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A scientific control augments integrity in experiments by isolating variables as dictated by the scientific method in order to make a conclusion about such variables. In a controlled experiment, two virtually identical experiments are conducted, but the factor being tested is varied in only one of them. This serves to further isolate any causal phenomena. For example, in testing a drug, it is important to carefully test that the supposed effect of the drug is produced only by the drug itself. Doctors achieve this with a double-blind study in a clinical trial: two virtually identical groups of patients are compared, one of which receives the drug and one of which receives a placebo. Neither the patients nor the doctor know which group receives the real drug, which serves both to curb researchers' bias and isolates the effects of the drug.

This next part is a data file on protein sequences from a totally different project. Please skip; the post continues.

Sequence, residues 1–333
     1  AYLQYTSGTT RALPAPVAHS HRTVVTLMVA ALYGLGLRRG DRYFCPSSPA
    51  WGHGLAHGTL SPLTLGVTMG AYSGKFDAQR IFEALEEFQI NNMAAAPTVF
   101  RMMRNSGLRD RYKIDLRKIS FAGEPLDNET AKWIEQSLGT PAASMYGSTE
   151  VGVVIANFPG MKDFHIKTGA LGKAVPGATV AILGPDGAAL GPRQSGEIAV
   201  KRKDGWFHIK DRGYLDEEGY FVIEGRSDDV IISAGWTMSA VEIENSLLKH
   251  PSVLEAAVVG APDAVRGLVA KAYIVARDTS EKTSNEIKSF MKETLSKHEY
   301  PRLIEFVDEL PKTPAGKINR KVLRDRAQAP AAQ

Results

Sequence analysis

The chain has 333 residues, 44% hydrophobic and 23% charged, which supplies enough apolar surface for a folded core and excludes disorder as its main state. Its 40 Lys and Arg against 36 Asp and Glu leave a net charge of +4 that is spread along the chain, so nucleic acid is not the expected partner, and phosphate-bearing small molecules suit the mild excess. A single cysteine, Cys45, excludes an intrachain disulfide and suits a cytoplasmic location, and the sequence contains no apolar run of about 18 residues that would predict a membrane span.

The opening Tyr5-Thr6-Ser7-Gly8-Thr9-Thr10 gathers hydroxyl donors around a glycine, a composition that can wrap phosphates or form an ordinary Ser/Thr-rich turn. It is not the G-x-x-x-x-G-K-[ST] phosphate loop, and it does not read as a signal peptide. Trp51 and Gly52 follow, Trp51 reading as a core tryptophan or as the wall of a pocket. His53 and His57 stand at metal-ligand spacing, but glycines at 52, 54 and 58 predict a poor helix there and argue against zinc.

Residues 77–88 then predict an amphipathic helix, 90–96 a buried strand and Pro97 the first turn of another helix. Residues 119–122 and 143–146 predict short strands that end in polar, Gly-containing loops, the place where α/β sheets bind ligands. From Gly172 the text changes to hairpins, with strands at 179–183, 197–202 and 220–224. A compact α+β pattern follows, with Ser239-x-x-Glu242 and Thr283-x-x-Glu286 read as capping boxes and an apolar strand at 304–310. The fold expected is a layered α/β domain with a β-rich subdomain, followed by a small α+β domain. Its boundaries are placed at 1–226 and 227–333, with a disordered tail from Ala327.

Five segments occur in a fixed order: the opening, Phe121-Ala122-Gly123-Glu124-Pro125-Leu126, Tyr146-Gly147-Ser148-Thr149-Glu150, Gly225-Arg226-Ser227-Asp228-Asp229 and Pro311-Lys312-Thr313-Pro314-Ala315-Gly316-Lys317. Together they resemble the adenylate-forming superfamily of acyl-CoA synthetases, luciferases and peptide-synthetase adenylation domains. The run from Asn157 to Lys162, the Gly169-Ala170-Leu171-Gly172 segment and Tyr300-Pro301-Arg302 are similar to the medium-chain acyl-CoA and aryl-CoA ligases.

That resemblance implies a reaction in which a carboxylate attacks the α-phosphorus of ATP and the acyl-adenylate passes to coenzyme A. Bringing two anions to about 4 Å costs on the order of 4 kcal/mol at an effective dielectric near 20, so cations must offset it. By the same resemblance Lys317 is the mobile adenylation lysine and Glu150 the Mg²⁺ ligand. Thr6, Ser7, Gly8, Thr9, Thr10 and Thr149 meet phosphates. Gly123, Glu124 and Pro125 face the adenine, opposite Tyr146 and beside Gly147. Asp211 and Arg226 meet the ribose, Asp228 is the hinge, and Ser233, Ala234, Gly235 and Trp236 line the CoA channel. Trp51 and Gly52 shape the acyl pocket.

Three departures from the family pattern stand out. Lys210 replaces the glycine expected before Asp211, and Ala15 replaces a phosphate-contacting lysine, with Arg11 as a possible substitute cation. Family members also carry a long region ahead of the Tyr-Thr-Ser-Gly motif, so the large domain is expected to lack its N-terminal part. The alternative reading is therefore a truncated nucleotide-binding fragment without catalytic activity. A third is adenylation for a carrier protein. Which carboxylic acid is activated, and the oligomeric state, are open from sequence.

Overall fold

The scientific control is used as a constant to show the effect a given environment has on certain variables.

Negative control
A control sample where a negative result is expected, to help correlate a positive result with the variable being tested. Example: a measurement of background radiation when trying to test the effects of a certain substance on local radiation levels.
Positive control
A control sample that is known to produce a positive result if the test is working as expected. Example: printing a test page on a printer with its own driver software to test that it has been installed correctly, before testing the printing behaviour of another piece of software.